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Woodlice - Amanda Jane Fletcher 2007 CC BY-SA 2.0

Icon welcomes new Pest Partners project

Helena Jaeschke ACR, Conservation Development Officer, and Victoria Harding, Programme Manager, successfully applied for a grant from Historic England’s Covid-19 Emergency Response Fund to launch the Pest Partners project for museums, historic buildings, galleries and privately owned heritage collections in south west England.

The Pest Partners project will provide support and equipment to help museums and heritage organisations to care for their collections throughout 2020. It has has been developed by South West Museum Development, which provides trusted, local and relevant support for museums and heritage organisations.

pest_damage_on_a_book_lieven_cc_by-sa_4.0.jpgThe closure imposed by Covid-19 has coincided with the period when pests are most active. Pests such as clothes moths and carpet beetles can severely damage important historic collections if they’re left unchecked. A wide range of organic materials are at risk - everything from the wool, fur and feather of costumes, carpets and natural history specimens to paper, books, wallpaper and the wood used in furniture, musical instruments and even the floors and walls of the buildings themselves. If it’s organic it’s almost always edible and something will eat it – even if it is just the starch paste used to stiffen paper or the glue on stamps.

This project will help organisations trap, track and identify pest activity and manage infestations. The South West Museum Development team will give guidance on planning for future prevention and better pest management and also provide free monitoring, identification and cleaning equipment.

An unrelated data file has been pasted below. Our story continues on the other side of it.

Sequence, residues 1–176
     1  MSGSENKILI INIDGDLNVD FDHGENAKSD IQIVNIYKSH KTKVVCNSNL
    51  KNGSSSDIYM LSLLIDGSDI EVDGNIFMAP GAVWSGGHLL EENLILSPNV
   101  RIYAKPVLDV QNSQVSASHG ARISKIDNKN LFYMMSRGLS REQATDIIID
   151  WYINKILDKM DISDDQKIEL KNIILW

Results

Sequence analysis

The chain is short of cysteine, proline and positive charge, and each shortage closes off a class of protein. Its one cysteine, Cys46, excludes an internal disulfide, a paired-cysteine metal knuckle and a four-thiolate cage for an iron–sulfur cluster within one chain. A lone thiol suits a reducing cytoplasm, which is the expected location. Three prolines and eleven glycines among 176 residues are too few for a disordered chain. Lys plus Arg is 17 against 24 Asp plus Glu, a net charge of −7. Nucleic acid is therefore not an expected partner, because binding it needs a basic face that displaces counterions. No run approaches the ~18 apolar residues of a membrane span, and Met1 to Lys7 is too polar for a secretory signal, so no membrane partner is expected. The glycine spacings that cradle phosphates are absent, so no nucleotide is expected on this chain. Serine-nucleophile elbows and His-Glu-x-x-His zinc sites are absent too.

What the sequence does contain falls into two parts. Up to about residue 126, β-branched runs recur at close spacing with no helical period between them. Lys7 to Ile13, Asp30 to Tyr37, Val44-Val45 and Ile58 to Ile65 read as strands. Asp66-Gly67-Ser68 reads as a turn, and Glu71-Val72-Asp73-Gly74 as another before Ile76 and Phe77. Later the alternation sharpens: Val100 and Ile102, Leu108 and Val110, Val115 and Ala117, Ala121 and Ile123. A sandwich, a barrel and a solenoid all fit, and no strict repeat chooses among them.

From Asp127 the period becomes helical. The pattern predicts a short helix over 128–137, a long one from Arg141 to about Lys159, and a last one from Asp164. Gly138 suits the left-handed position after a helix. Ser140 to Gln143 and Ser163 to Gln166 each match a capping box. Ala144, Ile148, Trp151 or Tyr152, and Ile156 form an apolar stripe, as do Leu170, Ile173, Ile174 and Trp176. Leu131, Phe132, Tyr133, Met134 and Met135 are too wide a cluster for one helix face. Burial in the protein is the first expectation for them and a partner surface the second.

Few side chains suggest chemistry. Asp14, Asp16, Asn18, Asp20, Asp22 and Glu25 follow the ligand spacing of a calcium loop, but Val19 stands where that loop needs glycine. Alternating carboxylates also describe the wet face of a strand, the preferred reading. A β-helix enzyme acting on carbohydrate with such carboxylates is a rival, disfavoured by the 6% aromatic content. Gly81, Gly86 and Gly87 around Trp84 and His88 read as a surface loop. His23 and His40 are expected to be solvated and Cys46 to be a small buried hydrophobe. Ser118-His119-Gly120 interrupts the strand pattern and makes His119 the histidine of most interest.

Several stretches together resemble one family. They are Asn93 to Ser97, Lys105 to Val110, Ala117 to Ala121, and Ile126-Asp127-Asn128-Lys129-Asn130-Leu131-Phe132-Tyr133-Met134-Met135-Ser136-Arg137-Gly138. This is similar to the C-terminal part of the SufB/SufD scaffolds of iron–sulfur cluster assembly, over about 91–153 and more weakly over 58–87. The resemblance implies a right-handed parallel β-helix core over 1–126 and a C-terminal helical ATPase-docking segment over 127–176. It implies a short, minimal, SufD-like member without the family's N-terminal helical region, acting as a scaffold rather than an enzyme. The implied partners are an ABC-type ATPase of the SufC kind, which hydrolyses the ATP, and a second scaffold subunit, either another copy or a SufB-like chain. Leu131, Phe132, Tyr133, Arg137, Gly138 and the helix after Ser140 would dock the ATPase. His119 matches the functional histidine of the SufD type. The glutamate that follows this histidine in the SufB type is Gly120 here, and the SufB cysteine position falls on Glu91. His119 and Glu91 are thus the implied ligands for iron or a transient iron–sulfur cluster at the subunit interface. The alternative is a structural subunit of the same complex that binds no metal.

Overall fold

The project has space for 200 organisations to join, and support is available to organisations whether they are planning to open this year or not. Participants will receive a free Pest Monitoring and Identification Kit, lots of support, and guidance in identifying and dealing with the risk from pests. In return, they must commit to taking on the task of monitoring for pests and sharing their data. The South West Museum Development team will use the data to track the spread of pests and spot the emergence of any significant new pest species.

Happily, the funding from Historic England will enable the team to include collections that are in private ownership as well as those cared for in publicly funded institutions. This support is vital in order to ensure that collections are properly cared for without adding to the financial burden that many have faced through the loss of visitor income in recent months.

Conservation Development Officer, Helena Jaeschke ACR said:

Having seen the terrible damage that pests can do, we have been greatly concerned about their unchecked spread in collections that had to be locked down this spring. We are so encouraged by this funding from Historic England which will enable us to help protect a much wider range of historic collections across the South West. We look forward to hearing from anyone who cares for a collection of heritage objects in the South West that is normally open to the public, from community archives to abbeys, historic houses to watermills.

Icon is delighted to support the Pest Partners project, which recently secured an emergency grant of £24,170 from Historic England.

Applications are open to organisations in south west England with a heritage collection that is normally open to the public. For full information and to apply, visit the South West Museum Development website or contact Helena Jaeschke.

Image credits: "Woodlice" by Amanda Jane Fletcher 2007 CC BY-SA 2.0 and "Pest damage on a book" by Lieven CC BY-SA 4.0


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